What to say to inspire the young

In a few days time I will have the pleasure and honour of addressing a class of graduates as they go through their graduation. Whilst there is a part of me that is pleased to have this opportunity, it is also a rather daunting task.

For we live in a world where negativity is often the overriding emotion and where it is a glib comment to say that the best times were when we were young.

If one believes that then it becomes almost impossible to come up with something that motivates and encourages our young people as they go out into the world of work.

But, as I sat gazing at an empty screen searching for inspiration, I debated with myself the truth or falsehood of whether ours was the best time to be alive.

Sure our parents had endured the Second World War, but they had achieved by coming through it and rebuilding the family unit. Neighbourhoods were much closer together, brought about by their shared struggles.

Certainly, whilst I know that materially we may not have had much, life as a child seemed to be fun and the opportunities for a kid from a deprived area to reach all of the way to higher education already existed. That is something that I know all too well.

When it came to my own journey into adulthood life was also certainly fun even if we did not have the technological advances of today. We may have watched the first moon landing, but within the home the dishwasher was normally a family member and television ended at 10:30 pm with the National Anthem and a white dot fading into the TV tube.

Our children that made up the next generation also seem to have survived and flourished despite starting life before smartphones, social media and video calling services.

So as I stare at the screen it seems to me that, despite the standard blueprint that is put down by governments as the route through this thing called life, the human spirit is not content to simply conform.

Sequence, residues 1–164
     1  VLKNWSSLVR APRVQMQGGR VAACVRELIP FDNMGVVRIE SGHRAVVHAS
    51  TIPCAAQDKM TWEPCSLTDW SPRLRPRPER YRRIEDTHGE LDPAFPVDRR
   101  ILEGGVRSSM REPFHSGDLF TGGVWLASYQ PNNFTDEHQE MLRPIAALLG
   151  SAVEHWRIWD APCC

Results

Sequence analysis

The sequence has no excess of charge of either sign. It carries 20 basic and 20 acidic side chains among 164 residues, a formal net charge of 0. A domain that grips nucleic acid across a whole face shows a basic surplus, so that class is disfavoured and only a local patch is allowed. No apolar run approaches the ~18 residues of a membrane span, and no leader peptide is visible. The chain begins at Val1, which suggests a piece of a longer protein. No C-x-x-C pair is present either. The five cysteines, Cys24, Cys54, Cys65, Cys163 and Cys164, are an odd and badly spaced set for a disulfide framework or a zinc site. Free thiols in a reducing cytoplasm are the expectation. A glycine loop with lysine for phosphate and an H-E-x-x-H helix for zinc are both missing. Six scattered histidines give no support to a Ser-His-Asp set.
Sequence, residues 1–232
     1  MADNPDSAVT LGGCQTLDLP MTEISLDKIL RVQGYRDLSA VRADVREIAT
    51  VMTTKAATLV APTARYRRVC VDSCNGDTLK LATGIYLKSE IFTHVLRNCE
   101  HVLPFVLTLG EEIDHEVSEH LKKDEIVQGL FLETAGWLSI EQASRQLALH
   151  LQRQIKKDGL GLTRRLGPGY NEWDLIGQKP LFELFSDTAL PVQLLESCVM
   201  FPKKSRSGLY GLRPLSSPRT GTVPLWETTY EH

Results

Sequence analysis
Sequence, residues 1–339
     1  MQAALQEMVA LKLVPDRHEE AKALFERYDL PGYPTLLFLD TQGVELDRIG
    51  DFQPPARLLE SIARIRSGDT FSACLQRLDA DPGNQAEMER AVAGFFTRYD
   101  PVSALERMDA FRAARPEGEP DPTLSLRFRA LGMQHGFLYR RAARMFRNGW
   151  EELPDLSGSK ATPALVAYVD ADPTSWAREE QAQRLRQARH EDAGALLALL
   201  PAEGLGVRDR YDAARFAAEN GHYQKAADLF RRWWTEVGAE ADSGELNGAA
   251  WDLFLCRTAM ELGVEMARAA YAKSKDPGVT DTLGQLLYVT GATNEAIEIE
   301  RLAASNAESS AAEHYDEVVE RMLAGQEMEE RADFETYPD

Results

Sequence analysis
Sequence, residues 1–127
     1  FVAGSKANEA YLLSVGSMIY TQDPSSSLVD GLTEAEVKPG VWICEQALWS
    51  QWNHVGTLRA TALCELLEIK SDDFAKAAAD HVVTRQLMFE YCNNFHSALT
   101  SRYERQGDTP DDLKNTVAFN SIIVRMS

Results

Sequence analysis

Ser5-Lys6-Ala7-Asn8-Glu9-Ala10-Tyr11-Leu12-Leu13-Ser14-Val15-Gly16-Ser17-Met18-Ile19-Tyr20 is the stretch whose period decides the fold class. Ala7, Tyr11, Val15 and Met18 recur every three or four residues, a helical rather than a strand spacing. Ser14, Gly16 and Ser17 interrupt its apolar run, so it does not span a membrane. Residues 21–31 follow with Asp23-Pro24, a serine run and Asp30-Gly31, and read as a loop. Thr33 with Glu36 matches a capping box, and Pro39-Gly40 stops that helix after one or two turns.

Each generation sees advances in technology that simply confounds their elders but gives the new generation a technological superiority. All aspects of life move forward, if not always in the most desirable of ways.

But the thing that makes each generation look back in later years and think their era was the best is the human characteristic of grasping what they have and creating a good life out of it.

The blueprint may well produce the stability that nations and communities desire, but it is the creativity of the human spirit that refuses to be put in boxes; that looks at what is coming down the line and which takes the risks of leaving the blueprint.

My own life has been littered with opportunities that I have grasped whilst ignoring the accepted way to do things and which have given me such an enjoyable life.

If I look back then there were obviously low points, but looking back largely brings back the good things. My own father who fought in WW2 never talked about the bad parts of war, only the fun bits. Perhaps we all look back on the past with rose-tinted glasses.

I suppose that the reality is that those people graduating next week will also look back in several years time and think that their time was the best. If they do then they will effectively be saying not that it was the best, but that they made the best of their time.

To do that requires positivity, creativity and a willingness to take risks. In other words it requires losing the blueprint and being themselves. Perhaps that should be the message next week to those graduates

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